Office Depot hires Bain & Company to lead strategic review

14 June 2016 2 min. read
More news on

Office Depot has found itself in strife as innovative competitors cut into its antiquated business models. In a bid to transform and generate value to its shareholders, the company has hired Bain & Company to assist with a strategic review.

Staples and Office Depot are some of the US’ largest office supply companies. Office Depot, founded in 1986, today has revenues of $14 billion and employs approximately 49,000 associates. The company has, for a number of years, found itself in decline as, among others, market dynamics become more digital. Last year it was announced that rival firm Staples, which was also founded in 1986 and has a turnover of around $22 billion, would buy Office Depot in a cash and stock deal worth approximately $6.3 billion.

The Federal Trade Commission, however, filed an administrative complaint against the acquisition, claiming the acquisition violated antitrust laws on the basis of the combined entity reducing competition within the office supply space – the consequences of such a merger would negatively affect business customers across the US. The complaint was upheld by the US District Judge Emmet Sullivan in Washington, who blocked the $6.3 billion merger.

Office Depot

Following a recent court decision, Staples has backed out of the deal – paying Office Depot a $250 million break-up fee. Office Depot remains in a position of relative distress, however, having lost 38% of its share value since the start of the year. In a bid to find a path through the turmoil, the company, which operates about 1,800 stores, has hired management consultants from Bain & Company to assist with a comprehensive strategic review of the firm’s business.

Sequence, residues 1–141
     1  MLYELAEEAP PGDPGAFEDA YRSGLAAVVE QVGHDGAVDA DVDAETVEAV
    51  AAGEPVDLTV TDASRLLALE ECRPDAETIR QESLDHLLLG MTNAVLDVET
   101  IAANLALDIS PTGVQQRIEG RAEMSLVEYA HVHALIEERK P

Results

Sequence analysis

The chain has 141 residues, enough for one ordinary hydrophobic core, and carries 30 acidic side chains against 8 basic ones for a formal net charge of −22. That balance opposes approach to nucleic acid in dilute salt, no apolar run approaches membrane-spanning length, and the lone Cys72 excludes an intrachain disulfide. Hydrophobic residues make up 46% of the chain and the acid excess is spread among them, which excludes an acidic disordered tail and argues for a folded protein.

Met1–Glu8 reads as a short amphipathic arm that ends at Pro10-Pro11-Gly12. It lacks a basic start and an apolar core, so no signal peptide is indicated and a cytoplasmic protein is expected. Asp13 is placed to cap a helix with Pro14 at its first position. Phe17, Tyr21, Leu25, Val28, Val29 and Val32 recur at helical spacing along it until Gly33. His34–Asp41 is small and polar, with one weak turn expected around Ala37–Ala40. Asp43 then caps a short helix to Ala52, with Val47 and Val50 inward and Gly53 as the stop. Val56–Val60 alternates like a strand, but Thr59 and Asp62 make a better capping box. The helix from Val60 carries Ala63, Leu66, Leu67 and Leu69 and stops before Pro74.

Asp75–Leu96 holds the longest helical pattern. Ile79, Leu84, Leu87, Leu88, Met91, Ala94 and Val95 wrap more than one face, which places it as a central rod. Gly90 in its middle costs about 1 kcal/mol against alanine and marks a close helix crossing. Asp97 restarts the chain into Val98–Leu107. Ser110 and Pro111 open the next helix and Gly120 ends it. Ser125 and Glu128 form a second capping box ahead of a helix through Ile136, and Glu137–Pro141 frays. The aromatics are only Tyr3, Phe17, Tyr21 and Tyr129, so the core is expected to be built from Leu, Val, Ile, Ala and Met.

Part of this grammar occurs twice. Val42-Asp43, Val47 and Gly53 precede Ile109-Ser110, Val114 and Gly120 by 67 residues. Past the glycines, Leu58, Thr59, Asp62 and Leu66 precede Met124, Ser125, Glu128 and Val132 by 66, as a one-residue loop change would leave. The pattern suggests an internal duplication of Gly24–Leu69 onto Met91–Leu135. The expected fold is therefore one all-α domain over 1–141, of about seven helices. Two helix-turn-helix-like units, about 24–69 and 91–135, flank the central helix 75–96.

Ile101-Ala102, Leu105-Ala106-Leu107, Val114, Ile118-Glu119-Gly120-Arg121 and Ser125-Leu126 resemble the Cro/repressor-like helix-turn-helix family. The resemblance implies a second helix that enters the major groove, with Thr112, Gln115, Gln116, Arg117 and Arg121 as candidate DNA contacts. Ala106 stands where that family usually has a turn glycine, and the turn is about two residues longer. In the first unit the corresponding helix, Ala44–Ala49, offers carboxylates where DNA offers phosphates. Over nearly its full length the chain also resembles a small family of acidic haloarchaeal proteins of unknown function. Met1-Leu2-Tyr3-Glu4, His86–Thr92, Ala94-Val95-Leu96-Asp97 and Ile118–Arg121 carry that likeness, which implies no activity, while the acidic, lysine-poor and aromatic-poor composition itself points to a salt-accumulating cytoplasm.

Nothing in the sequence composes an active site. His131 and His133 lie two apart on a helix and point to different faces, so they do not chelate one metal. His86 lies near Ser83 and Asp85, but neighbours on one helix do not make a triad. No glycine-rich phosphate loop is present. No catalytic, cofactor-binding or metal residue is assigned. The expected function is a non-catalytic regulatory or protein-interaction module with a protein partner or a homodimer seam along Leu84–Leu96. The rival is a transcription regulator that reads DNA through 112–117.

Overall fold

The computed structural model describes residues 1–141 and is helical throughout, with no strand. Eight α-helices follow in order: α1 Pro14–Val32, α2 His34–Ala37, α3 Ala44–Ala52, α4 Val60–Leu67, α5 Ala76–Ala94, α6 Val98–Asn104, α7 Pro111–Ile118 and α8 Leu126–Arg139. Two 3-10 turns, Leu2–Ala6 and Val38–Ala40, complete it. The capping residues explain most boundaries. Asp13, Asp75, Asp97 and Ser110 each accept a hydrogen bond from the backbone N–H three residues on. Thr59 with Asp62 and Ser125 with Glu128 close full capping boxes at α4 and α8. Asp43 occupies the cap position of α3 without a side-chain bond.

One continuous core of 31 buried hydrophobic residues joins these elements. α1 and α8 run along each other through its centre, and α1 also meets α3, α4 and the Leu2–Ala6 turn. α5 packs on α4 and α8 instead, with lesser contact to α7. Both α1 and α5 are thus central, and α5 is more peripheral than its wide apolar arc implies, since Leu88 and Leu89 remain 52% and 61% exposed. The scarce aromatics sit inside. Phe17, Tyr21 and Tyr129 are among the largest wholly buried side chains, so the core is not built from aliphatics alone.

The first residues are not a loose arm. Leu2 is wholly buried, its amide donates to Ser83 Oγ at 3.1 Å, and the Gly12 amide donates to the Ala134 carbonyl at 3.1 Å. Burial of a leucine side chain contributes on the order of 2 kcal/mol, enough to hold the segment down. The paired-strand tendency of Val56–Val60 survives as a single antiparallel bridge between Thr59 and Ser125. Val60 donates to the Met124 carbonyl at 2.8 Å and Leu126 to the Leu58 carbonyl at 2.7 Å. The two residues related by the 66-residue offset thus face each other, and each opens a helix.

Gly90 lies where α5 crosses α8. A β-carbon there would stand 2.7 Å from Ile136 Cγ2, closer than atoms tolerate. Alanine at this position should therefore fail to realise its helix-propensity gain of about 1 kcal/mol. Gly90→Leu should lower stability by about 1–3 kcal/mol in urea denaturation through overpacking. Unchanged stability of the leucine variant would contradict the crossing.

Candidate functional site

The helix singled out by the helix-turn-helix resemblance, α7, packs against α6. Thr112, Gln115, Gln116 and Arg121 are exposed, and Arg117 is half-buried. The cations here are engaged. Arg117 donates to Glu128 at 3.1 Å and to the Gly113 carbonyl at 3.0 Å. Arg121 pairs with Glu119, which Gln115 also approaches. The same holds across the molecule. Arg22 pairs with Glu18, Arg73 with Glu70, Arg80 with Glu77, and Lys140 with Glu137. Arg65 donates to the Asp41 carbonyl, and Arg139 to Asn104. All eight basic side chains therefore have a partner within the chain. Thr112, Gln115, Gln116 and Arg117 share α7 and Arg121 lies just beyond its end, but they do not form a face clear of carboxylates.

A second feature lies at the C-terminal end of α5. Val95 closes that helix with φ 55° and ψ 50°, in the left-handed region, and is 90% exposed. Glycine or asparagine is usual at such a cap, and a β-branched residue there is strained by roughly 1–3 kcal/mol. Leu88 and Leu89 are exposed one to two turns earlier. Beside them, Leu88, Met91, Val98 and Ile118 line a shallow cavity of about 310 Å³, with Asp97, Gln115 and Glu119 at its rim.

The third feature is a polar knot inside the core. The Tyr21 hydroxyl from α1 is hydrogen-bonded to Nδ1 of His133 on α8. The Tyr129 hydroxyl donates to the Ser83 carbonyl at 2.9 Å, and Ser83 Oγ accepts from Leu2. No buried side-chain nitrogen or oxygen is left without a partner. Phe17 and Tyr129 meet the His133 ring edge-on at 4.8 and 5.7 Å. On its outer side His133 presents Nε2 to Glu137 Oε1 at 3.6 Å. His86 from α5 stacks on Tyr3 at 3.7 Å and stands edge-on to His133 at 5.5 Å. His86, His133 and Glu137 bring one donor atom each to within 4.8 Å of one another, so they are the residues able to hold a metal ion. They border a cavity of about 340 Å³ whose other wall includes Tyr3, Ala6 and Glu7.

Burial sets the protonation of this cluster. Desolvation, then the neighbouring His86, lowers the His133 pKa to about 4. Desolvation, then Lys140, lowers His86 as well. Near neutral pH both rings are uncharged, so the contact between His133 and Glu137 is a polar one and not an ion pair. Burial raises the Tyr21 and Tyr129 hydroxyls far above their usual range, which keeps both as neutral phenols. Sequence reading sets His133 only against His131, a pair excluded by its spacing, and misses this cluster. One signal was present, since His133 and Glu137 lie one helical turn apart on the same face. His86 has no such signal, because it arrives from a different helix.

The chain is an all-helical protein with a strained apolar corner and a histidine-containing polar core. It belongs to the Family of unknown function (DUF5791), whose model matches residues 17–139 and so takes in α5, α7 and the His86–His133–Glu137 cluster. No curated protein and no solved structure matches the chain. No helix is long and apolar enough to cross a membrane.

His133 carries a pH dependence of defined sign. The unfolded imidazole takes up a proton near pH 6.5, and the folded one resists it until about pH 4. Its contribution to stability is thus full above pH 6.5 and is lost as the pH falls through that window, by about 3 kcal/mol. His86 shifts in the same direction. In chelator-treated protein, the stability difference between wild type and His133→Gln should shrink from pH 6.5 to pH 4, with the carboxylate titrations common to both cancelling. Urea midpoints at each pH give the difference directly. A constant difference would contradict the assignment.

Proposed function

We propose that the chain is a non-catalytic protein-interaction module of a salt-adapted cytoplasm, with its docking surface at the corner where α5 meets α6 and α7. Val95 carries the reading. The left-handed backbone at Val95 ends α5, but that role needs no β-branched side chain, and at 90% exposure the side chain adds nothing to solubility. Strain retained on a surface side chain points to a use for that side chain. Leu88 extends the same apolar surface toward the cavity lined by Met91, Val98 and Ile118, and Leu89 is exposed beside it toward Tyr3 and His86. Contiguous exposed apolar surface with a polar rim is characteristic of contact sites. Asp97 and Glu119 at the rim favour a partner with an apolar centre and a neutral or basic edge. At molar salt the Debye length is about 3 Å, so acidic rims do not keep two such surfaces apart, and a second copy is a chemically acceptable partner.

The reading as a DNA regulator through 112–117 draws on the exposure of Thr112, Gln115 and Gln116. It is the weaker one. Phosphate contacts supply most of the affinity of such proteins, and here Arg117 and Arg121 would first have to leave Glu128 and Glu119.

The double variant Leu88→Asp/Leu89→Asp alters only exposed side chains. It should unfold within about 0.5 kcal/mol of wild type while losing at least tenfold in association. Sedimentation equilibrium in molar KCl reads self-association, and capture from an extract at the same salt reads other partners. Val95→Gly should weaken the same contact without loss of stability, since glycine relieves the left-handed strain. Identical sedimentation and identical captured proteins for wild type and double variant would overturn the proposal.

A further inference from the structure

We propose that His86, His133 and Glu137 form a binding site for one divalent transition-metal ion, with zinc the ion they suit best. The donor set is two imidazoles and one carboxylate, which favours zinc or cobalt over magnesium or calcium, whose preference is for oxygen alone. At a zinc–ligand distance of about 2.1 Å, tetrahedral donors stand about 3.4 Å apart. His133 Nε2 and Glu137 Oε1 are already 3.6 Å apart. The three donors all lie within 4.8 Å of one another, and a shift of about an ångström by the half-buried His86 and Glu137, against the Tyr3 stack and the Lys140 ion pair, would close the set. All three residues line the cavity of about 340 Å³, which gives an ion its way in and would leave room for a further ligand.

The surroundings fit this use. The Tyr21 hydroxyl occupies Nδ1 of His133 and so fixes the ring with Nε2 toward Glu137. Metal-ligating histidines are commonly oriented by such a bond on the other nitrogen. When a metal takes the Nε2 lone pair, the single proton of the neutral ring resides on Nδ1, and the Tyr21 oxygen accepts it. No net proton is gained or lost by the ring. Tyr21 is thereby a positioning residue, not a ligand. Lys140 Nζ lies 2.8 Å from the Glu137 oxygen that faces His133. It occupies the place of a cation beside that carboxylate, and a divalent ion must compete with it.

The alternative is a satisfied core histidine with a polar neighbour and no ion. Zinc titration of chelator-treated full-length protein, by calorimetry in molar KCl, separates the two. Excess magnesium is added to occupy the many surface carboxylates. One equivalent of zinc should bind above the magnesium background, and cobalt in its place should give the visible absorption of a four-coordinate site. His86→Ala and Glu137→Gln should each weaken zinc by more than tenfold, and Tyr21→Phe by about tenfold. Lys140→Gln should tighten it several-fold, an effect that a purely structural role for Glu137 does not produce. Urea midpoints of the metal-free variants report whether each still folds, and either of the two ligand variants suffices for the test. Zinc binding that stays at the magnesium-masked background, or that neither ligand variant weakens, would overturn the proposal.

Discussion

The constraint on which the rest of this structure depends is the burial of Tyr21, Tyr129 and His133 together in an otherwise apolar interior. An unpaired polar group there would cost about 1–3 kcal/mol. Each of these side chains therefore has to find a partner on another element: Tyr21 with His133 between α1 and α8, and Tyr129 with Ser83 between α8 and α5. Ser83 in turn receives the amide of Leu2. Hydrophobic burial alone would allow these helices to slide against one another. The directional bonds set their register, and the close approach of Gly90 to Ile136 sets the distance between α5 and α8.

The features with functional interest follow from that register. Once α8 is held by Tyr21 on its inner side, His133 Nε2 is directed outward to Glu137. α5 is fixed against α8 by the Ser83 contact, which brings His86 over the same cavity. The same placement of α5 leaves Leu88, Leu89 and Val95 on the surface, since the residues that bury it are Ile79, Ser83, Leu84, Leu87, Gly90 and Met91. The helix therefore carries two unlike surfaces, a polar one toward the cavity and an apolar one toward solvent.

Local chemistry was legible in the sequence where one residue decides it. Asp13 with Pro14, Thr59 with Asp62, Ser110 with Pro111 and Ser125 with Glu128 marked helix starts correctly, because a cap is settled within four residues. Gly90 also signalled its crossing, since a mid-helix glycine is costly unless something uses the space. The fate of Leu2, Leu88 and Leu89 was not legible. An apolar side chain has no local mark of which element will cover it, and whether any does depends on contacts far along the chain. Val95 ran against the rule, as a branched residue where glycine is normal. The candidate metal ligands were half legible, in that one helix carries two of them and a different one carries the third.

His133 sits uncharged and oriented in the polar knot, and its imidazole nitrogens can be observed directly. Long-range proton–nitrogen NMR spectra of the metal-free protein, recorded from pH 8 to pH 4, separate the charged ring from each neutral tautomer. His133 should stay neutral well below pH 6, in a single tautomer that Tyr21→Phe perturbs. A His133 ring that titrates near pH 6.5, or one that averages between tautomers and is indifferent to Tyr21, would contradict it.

The consultancy firm is currently working on a number of methods to structure the company’s capital and provide an improved return to shareholders. The strategic review of the business may lead to the closing more outlets in years to come (the firm already plans to shut down 400 outlets), but is said to mainly look at how the company can transform in order to compete within the changing business environment.

According to recent media reports, Office Depot is considering selling some of its European operations, despite completing a large restructuring effort of its European operations last year.

Chief Executive Officer Roland Smith comments “Our board and management team are committed to taking actions necessary to leverage this foundation and create value for shareholders. The news is not all bad, the 2013 merger with OfficeMax is delivering synergies exceeding $700 million.”